I am trying to understand the concepts of surface and line integrals better, and since I'm not a mathematician I have only come across explanaitons which are a bit over my head. I have a few fairly basic questions.

1. Can you give me simple definitions of surface and line integrals?

I am farly sure I understand them, but sometimes it's good to see how somebody else might explain it.

2. Why is a surface integral a double integral?

I understand the surface integral gives you either scalar or vector values that are distributed on a surface. Let's say I have an surface defined by $f(x,y)$. Is it a double integral because I have to integrate over $dx$ and $dy$?

3. Is doing the surface integral just doing a line integral twice?

It seems to me that if the line integral is summing the points on a curve, then the surface integral is doing the same thing but over all the infinitesimal curves on the surface (i.e: all the curves form a surface).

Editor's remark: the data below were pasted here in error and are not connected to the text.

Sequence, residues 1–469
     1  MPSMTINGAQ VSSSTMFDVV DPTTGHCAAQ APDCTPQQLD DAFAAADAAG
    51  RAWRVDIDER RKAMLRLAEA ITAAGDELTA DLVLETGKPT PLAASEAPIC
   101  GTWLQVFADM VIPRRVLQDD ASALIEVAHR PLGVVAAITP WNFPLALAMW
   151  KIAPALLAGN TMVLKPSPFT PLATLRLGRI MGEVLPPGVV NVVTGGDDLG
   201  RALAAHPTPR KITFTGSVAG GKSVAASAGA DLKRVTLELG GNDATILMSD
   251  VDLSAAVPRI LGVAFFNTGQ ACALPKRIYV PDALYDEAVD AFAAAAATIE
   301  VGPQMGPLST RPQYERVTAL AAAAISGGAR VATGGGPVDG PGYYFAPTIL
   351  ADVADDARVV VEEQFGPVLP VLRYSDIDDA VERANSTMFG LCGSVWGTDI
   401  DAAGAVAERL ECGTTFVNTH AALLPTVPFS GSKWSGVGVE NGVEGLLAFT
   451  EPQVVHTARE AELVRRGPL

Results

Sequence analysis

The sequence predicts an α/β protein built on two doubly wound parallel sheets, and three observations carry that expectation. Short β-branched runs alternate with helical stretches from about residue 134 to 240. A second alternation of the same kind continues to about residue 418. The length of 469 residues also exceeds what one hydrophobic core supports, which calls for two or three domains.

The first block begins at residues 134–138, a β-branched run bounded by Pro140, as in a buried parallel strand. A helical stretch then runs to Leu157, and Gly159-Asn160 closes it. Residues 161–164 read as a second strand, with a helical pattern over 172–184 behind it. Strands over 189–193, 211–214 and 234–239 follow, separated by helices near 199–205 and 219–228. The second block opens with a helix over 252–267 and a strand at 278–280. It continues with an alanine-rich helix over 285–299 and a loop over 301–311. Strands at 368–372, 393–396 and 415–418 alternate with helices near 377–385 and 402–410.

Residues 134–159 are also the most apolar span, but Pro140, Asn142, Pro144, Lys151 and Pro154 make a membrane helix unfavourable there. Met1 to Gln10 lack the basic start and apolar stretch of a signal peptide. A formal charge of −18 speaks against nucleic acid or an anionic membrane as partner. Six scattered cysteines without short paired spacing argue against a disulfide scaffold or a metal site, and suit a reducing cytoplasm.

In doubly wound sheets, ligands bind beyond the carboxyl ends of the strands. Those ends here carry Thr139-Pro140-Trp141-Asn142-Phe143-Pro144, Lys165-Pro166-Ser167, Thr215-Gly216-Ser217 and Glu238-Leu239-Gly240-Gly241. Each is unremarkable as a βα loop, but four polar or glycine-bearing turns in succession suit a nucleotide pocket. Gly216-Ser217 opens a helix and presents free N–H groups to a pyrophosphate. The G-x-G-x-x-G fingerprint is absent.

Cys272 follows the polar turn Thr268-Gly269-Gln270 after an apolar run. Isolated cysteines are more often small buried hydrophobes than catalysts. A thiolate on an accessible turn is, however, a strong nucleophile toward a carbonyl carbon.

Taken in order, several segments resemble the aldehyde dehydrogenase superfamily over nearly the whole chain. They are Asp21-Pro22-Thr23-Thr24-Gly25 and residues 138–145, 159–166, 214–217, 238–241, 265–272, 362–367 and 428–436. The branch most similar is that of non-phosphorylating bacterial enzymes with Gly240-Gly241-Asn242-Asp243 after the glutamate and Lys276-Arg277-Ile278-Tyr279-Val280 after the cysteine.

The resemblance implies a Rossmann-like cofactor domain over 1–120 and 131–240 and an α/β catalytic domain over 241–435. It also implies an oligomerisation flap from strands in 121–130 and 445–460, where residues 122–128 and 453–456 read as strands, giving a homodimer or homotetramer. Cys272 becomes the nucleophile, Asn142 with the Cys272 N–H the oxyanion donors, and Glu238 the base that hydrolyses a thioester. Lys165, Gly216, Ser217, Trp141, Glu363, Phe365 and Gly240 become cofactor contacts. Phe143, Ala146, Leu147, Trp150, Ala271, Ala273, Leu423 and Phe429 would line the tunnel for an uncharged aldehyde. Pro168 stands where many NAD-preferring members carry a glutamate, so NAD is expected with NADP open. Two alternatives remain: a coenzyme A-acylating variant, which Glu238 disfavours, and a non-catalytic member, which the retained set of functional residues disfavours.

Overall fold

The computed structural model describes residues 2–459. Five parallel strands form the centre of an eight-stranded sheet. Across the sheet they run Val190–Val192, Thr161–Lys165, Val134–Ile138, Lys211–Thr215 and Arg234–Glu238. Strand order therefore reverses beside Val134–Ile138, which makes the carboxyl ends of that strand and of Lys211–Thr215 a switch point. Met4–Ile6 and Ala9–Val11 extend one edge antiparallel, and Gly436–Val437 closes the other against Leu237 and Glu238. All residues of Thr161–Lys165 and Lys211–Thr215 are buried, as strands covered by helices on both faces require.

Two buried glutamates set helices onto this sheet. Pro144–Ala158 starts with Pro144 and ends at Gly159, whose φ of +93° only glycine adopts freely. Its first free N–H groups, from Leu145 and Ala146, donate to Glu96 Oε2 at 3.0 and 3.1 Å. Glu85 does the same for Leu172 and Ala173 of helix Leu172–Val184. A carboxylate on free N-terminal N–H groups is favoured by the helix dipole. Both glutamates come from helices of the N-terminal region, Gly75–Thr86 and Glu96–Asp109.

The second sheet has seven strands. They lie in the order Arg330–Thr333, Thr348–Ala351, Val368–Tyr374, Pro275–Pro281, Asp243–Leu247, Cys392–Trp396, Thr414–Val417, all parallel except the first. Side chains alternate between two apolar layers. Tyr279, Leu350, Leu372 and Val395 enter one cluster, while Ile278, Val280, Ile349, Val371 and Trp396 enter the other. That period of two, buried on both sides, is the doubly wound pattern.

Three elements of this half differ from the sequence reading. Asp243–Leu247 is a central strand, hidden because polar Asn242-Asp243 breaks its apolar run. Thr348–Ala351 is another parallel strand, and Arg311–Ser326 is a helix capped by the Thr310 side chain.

I hope my ignorance will not offend you, mathematicians :)

  • 1
    $\begingroup$ To your second two questions, in laymans terms, yes and yes. Which reflects you understand the concept, which means the answer to the first is also yes. P.S: You don't seem very ignorant, you understand a lot better than most apparently. :) $\endgroup$
    – Guy
    Commented Apr 1, 2014 at 14:39

1 Answer 1


A line integral is essentially like a regular integral but instead of taking little $\Delta x$'s along the x-axis and multiplying them by f(x), you take little segments of the curve (i.e., arc length - which is why you integrate ds) and multiply that by f(x) and then do the usual limit thing and let the norm of the partition tend to zero etc. Another way to think of a line integral is as a regular integral taken or twisted along a curve. Thus a line integral gives you the area of the "curtain" formed between the surface and the curve (Wikipedia has a good animation).

  • $\begingroup$ This is true for a $ds$ integral, but is not a good mental picture for a $Pdx +Qdy$ line integral. $\endgroup$ Commented Jan 14, 2015 at 2:46
  • $\begingroup$ True. Wikipedia has another good way to picture the relation of line integrals of vector fields to area, but these are generally easier understood using physical definitions (such as work), which is why I focused on the line integrals of scalar fields for an intuitive understanding still within the realm of math. $\endgroup$
    – Gabriel
    Commented Jan 14, 2015 at 2:53

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